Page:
"One thing lead to another. I told Whitney: ‘You know I’m married.’ She said: ‘You think I’m not?’ In the middle of the night, or what seemed the middle of the night, I was awakened by a loud thudding boom. It was the kind of thump that displaces the air and causes you to feel the boom in your lungs and rib-cage. I went up and drew the curtains to look out over the city. Some sirens wailed and the fire at the edge of town was still burning, but otherwise the streets below were empty. ‘Did you hear that’ I asked Whitney. ‘Maybe an earthquake,’ she said."
     "The next morning, we found our way to the café with the fountain for breakfast. The omelets and sausage looked questionable and so we had fresh fruit. The strawberries were the largest I had ever seen – they were as big as my fist and red as blood. I couldn’t identify the kind of melon that the place served. We took a cab back to the airport. In the car, Whitney said to me: ‘We need to be discrete about this.’ I agreed with her. ‘We will keep a secret,’ she said. ‘It’s our secret,’ I replied. ‘Won’t tell a soul,’ Whitney said. There were checkpoints and men with guns. Everyone was drunk and hilarious at the airport. Sloan, the man who had blown the whistle on the National Security Association and its spy apparatus, had departed from Stockholm in the night, apparently bound for Bolivia or, perhaps, Venezuela. ‘You won’t tell a soul,’ I said to Whitney as we walked to the gateway. She kissed my cheek: ‘Not a soul.’ "
     "But here I am. So, obviously..."
      On the PA, a voice announced more delays. It seemed that the typhoon was continuing.
     "The bitch," I said.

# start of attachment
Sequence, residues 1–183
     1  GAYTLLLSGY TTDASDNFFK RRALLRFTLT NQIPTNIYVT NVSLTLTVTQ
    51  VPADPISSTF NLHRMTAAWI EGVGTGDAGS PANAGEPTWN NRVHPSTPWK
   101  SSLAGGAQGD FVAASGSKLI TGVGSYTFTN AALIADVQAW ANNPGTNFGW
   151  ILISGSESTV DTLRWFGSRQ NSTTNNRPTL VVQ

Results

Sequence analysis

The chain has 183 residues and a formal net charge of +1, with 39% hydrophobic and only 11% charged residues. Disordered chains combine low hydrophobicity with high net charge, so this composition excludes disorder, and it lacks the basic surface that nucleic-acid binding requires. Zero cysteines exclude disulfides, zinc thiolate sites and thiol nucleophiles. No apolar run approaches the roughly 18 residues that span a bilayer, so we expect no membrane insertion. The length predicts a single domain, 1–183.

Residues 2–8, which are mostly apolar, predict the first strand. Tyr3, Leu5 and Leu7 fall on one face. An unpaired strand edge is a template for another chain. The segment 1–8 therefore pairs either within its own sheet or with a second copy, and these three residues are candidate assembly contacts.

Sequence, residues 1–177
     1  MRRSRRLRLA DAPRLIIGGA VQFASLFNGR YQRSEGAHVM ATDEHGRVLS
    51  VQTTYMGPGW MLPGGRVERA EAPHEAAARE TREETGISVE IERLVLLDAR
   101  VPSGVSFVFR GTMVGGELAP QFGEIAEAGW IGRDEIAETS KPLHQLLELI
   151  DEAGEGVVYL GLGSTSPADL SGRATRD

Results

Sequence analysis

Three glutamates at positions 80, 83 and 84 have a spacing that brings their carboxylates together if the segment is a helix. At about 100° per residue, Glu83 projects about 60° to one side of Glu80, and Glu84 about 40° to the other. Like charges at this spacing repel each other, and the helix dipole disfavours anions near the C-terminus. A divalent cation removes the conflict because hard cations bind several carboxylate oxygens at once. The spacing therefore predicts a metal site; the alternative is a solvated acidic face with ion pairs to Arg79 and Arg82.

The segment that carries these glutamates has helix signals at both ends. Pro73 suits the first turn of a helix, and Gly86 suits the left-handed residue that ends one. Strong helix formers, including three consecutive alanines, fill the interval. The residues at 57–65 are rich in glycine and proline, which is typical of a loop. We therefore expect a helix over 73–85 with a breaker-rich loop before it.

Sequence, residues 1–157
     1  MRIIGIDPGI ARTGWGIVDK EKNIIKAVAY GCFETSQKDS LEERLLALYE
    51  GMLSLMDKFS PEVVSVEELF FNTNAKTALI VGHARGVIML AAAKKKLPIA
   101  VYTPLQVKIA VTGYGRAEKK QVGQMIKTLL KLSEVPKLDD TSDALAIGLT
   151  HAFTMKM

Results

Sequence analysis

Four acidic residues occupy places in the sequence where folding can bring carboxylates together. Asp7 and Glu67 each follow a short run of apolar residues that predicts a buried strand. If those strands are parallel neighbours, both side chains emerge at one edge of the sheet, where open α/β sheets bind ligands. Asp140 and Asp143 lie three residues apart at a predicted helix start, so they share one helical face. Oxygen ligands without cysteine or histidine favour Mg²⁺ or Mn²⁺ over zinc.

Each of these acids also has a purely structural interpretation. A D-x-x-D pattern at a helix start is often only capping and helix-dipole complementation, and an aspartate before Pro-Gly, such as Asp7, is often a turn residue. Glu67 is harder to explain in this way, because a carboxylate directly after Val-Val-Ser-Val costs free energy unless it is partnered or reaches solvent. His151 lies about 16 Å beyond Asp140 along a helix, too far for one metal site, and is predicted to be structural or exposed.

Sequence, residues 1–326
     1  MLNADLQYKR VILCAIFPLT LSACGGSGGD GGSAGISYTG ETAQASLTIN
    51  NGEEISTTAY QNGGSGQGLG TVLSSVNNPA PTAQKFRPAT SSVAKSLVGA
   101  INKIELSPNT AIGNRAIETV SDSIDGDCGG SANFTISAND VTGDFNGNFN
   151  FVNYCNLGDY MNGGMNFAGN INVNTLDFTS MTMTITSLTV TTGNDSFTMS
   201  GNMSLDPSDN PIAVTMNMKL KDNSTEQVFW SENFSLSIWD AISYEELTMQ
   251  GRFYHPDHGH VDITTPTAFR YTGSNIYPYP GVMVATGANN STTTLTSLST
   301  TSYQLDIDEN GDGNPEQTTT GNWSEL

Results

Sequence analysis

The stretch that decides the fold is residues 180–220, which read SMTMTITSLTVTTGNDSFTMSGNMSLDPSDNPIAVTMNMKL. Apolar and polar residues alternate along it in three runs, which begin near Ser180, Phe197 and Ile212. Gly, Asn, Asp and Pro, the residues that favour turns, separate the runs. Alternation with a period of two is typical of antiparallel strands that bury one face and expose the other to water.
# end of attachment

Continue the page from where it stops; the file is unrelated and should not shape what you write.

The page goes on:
"How do you know it was her?" Neal asked me. "After all, I’m the one telling you the story."

Order of Service -- Ninth Sunday after Pentecost

Order of Service – Ninth Sunday after Pentecost
     Walter was angry that the Lutherans at the church down the street were praying for him. He didn’t believe in prayer and had not asked for anyone’s concern. Walter thought that if there were a god, it was best to stay hidden from him.
     On Monday morning, Walter punched-in at work and, then, walked from the shed to the garage where the pick-up truck assigned to him was parked. In the garage, Billy was washing down the windshield and front of his truck. He was using a hose and water was splashing around, drops beading other vehicles and a big, puddle, iridescent with oil, spreading across the concrete.
     "Why don’t you do that outside?" Walter asked, gesturing at the puddle.
     "You’re cranky," Billy replied. "I’m surprised you’re even at work.  You must be hungover or something."
     "Why wouldn’t I be?"
      Billy said that his wife had come home from church the previous morning and shown him a printed bulletin. On an insert among the pages of the order of service, there was a section captioned "Prayer Concerns". Walter’s name, correctly spelled, appeared behind the words: Ongoing health concerns..."
     Billy looked at Walter and cocked his head: "Is there something wrong with you, dude?"
     "That’s none of your business," Walter replied.
     "Well, I would pray for you too...if I thought..." Billy had shut off the tap to which his hose was connected. The tip of the hose drooled a little.
     "Don’t bother," Walter said.
     Walter stopped at home over his lunch-break. His wife worked the night-shift, but she was up already, vacuuming the living room carpet.
     "Who do you know at the Lutheran Church?" he asked her.
     "I’m not sure," she said. "Probably someone."
     "Why are they praying for me down there?"
     "Why would they be praying for you?"
     "That’s my question," Walter said.
     She flipped off the vacuum cleaner and stooped at the wall to unplug it.
     Walter went into the kitchen to microwave a bowl of spaghetti left over from the night before. Walter smelled warm garlic and tomatoes as his food cooked.
     "Is there something wrong with you?" Walter’s wife asked him.
     "I suppose," Walter said.
     "What is it?"
     "Who knows," Walter said. "Someone is lying about me."
     That evening a couple of people called, friends of his wife, and made sympathetic inquiries about Walter’s health. Walter’s wife took the calls. Walter sat in the living room watching television, his ear half-cocked to listen to his wife’s voice in the kitchen.